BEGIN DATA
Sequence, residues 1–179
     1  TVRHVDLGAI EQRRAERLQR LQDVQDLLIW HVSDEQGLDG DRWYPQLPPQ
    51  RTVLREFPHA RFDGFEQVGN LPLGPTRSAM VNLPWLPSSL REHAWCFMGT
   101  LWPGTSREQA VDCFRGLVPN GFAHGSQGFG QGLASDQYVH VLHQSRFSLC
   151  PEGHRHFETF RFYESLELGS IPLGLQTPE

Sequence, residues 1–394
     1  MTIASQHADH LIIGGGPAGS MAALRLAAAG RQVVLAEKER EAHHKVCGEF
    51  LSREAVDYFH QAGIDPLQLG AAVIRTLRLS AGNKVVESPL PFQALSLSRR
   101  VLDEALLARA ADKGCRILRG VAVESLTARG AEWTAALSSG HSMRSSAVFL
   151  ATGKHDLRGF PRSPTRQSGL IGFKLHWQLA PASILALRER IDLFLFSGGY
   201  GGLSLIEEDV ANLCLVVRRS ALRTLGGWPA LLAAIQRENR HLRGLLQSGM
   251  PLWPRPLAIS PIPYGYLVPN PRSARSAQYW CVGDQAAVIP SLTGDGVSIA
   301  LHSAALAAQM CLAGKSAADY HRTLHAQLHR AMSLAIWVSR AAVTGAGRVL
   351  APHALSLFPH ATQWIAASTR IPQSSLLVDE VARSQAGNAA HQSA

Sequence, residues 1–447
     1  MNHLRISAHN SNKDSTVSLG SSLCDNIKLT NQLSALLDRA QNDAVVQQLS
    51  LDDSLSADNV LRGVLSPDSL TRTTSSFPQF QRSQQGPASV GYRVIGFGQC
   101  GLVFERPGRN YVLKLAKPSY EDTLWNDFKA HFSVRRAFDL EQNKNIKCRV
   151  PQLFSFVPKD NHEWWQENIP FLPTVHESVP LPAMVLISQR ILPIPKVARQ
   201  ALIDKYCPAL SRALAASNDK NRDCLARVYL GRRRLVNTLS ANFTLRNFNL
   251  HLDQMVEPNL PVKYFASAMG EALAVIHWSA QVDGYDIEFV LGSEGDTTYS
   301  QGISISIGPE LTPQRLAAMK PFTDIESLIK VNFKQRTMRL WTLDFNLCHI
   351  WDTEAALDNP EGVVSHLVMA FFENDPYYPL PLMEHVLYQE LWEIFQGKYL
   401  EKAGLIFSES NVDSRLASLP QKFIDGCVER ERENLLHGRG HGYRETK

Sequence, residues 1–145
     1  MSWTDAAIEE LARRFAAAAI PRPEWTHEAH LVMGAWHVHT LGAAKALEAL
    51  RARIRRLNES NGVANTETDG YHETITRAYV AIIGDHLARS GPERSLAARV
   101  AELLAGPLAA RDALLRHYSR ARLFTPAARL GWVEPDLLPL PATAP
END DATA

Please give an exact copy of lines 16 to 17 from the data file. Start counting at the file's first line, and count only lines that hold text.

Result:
     1  MNHLRISAHN SNKDSTVSLG SSLCDNIKLT NQLSALLDRA QNDAVVQQLS
    51  LDDSLSADNV LRGVLSPDSL TRTTSSFPQF QRSQQGPASV GYRVIGFGQC